Irwin’s camera is now being auctioned off by an Italian collector of historical artifacts at the Westlicht Gallery in Vienna, which expects it to go for $200,000 to $270,000. That may be a lot to pay for a camera that will never take another picture, but it’s nothing at all considering the history this particular Hasselblad captured—and made. The lunar Hasselblad had only a few key differences from Earthly models. Its knobs had to be especially well-sealed against moon dust, which is finer than confectioner’s sugar and has a nasty habit of jamming unprotected gears.

An ultra-thin film had to be invented for the missions, allowing 240 exposures to fit into a single magazine, which minimized the number of times the astronauts would have to change canisters. The cameras had the same F-stop, focus and depth controls any other camera does, but in this case, a small post poked from each knob, making it easier for astronauts wearing bulky lunar gloves to turn them with a one-finger-push instead of a five-finger twist.

“The only major issue we had to deal with was the sun,” Apollo 15 commander Dave Scott told TIME in a recent conversation. On the airless moon, sunlight simply doesn’t behave the way it does on a world in which the atmosphere creates all manner of colors, shades and other effects. “You were either pointing up-sun, down-sun or cross-sun and we had to adjust the shot to accommodate that. Otherwise, there was little we did that was different from what you’d do on Earth.”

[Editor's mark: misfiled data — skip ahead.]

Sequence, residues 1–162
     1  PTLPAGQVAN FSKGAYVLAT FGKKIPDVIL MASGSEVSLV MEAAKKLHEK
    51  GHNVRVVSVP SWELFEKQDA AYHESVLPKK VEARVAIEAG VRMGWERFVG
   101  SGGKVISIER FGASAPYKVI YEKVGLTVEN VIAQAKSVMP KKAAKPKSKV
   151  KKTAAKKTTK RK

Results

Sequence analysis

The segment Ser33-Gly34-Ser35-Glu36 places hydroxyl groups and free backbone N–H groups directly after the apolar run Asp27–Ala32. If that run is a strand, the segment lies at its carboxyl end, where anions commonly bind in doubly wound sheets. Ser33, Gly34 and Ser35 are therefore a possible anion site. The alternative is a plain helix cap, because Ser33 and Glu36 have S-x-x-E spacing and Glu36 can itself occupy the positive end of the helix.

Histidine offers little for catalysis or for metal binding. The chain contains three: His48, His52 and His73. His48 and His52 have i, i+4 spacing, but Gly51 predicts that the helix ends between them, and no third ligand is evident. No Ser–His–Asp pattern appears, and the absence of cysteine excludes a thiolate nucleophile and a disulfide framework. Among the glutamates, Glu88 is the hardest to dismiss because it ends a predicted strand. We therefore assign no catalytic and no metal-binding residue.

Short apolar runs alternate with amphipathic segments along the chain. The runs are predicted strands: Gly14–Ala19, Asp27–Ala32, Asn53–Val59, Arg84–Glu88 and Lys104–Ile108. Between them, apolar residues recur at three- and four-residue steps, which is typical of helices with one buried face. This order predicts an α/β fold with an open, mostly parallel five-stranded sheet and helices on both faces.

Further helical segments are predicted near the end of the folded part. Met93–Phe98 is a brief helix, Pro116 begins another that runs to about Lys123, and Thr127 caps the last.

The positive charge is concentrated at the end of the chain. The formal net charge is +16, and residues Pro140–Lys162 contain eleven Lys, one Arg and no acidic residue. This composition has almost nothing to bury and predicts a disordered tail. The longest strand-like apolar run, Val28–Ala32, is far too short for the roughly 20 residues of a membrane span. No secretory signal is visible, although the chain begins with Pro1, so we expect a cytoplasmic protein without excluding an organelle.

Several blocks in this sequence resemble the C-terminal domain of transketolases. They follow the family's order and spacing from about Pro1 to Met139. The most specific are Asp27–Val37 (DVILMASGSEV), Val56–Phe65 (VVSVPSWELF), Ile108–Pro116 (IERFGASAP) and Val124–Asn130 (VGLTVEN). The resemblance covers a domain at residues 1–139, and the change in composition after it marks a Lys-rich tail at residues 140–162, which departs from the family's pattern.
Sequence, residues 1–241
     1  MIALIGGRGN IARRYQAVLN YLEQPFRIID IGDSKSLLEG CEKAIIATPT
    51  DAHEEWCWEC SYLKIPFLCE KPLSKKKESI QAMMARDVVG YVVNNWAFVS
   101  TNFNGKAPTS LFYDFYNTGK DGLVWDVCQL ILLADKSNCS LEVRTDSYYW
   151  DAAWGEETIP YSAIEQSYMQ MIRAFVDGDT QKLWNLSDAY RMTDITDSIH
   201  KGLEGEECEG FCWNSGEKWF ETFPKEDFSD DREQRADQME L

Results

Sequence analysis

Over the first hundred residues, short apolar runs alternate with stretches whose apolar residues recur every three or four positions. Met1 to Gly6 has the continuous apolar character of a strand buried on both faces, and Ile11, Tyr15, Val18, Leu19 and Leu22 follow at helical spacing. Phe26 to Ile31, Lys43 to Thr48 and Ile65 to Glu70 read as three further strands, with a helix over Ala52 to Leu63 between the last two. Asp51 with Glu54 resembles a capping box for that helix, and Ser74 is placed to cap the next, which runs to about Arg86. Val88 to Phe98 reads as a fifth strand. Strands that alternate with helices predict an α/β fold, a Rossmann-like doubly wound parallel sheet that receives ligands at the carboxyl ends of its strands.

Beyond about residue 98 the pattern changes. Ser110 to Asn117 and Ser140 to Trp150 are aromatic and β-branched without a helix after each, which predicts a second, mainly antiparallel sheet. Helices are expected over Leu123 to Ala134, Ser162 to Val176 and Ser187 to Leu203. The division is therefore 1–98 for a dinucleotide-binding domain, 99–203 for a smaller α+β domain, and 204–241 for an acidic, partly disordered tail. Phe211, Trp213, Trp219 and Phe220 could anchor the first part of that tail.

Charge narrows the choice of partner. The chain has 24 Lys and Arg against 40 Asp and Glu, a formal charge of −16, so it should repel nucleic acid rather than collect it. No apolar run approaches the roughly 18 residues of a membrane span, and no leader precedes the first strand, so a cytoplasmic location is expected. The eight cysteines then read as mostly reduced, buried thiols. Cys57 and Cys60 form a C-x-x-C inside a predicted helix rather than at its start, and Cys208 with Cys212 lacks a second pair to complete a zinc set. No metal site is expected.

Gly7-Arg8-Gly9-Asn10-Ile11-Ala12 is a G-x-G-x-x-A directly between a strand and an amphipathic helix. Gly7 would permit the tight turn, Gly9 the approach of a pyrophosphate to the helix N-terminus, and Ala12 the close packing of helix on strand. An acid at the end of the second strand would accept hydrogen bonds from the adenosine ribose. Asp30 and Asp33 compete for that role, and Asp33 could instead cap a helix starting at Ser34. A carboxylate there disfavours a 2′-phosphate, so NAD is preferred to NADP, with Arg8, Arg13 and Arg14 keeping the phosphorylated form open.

But if the point-focus-and-shoot process was familiar, the things the astronauts’ photographed were radically different.The moon pictures that have stuck in the popular imagination are typically the glamour shots—the glittering lunar module, the spindly moon car, the saluting astronauts, the rising Earth. But the ones the scientists were interested in were all about geology. Every single one of the 843 lbs. (342 kg) of rocks that the six Apollo landing missions returned had to be identified in terms of exactly where it was found, the better to distinguish the properties of samples collected on foothills or mountains from those on plains or crater rims. And that meant a lot of scene-setting pictures. “Every time I stopped the lunar rover, I’d do a switch-off and a clean-up and Jim would get out and do a 360-degree pan,” says Scott. “He just nailed it every time. I did OK, but Jim left us a real legacy.”